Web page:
Guest blogger Antoine Wilson is the author of the novel The Interloper, just out from Handsel Books/Other Press. (Check out this LA Times Book Review for more about the book.) His work has appeared in The Paris Review and Best New American Voices, and he is a contributing editor of A Public Space. He lives and surfs in Los Angeles.
Somehow I’ve become addicted to obituaries.
I don’t know when it happened, or how, but lately my writing day begins with reading about the dead. And not just the feature obits written by professional reporters, but also the little ones, the paid-for ones, the ones that look like classified ads.
In a public attempt to justify this private addiction, I’d like to make a proposal:
Obituaries are ideal breakfast reading for novelists.
1. Regular people are a novelist’s stock-and-trade, and the obits are where you’ll find them. This is especially true for those “classified ad” obits. They are treasure troves of stock language in service of real emotion (outclassed in that department only by maids-of-honor toasts and valedictorian speeches). They are fascinating in their portraits of the loves and favorite things of average punters, regular people, non-nobel-prize winners, people whose yearly schedules revolve around an annual group golf trip or who are known for their devotion to the never-completed sailboat in their backyard. And what is left out (cause of death, family feud) tends to hover there between the lines, waiting for some audacious scribbler to fill in the blanks.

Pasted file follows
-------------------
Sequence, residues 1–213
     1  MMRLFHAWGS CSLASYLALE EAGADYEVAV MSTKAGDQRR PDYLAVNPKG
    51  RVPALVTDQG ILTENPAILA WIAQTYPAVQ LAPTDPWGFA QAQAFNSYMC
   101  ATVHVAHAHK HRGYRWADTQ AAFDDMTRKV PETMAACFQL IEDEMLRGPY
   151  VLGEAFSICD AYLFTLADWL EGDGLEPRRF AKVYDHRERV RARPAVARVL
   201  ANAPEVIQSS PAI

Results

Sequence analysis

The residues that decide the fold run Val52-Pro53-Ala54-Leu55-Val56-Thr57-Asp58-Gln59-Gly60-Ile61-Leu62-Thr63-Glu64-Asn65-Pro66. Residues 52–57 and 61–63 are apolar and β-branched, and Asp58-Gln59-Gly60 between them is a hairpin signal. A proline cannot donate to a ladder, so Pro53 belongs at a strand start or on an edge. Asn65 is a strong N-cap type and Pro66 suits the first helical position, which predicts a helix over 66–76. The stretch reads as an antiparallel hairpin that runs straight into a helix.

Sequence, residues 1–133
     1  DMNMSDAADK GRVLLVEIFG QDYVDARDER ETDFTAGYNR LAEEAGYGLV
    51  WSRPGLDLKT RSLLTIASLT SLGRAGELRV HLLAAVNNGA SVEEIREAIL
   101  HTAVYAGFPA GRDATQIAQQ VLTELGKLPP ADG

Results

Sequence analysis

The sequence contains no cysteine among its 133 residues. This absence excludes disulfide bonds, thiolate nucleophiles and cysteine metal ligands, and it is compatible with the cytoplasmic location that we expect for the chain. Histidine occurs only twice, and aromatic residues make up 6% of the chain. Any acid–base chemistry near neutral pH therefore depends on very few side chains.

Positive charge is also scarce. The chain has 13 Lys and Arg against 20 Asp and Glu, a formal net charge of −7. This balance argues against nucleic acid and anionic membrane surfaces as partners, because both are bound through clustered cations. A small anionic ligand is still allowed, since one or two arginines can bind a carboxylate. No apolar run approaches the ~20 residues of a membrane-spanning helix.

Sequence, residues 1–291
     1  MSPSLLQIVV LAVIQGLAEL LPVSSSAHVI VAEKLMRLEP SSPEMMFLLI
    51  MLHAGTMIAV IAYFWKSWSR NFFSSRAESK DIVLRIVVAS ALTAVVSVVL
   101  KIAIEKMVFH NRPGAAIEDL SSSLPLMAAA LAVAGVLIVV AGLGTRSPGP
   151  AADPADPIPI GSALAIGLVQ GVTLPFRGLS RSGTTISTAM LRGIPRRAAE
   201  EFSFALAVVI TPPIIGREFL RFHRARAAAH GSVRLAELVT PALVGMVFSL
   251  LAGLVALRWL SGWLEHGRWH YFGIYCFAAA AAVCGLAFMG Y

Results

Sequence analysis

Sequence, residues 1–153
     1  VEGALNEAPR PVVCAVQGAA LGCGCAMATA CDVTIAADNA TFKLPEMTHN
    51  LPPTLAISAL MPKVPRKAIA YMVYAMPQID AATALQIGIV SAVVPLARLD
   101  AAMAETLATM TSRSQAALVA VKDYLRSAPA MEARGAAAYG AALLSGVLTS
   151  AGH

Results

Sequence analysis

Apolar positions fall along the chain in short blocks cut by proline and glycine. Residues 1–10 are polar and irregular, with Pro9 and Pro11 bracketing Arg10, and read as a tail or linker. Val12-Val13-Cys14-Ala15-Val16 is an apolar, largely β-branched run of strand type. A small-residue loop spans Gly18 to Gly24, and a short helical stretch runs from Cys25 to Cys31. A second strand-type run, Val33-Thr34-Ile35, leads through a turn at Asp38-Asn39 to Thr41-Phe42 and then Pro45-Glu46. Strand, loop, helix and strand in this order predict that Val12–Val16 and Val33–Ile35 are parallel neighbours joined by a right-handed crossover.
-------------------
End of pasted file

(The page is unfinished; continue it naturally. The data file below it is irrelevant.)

2. The obits jump-start your curiosity about the world. I’m a curious person by nature. But like most people, whole areas of knowledge are completely grayed out and are unlikely to get filled in any time soon. Unless maybe some fantastic documentary comes along to call my attention to, say, the importance of a font to the history of graphic design. The point is, I’m constantly filtering information based on my interests. I don’t read the sports pages. I haven’t had a reason to research the history of radar technology. Or blues record labels. Or dogsled racing. The great thing about the obits, and here I’m talking mainly about the big ones, the ones written by reporters, is that through these people’s lives, you’re transported into a milieu other than your own. And if that milieu held no interest for you at the outset, by the time you’ve read a few hundred words about someone who dedicated their life to living in it, you’ll usually find something to remind you that people are usually more interesting than you think.
3. Um, truth is stranger than fiction? The ups and downs of people’s lives, the close-calls, the reunited loves, the mad risks, the senseless tragedies…all of them are laid bare in the obituary, with a retrospective touch that makes you almost believe in capital-F Fate. Any obit is an insane oversimplification, yet the best of them read like little Victorian novels. (The worst read like resumes without the line breaks.) I guess what I’m saying is that they’re full of material. The “news” of them is the same every time: someone died. Relieved from the burden, then, of being “news,” the obit opens the door to all kinds of crazy details, strange events, and otherwise novelistic stuff that hardly ever makes it into the paper. Steal away!
You can measure a culture by how it remembers its dead. I just happen to enjoy doing it over breakfast.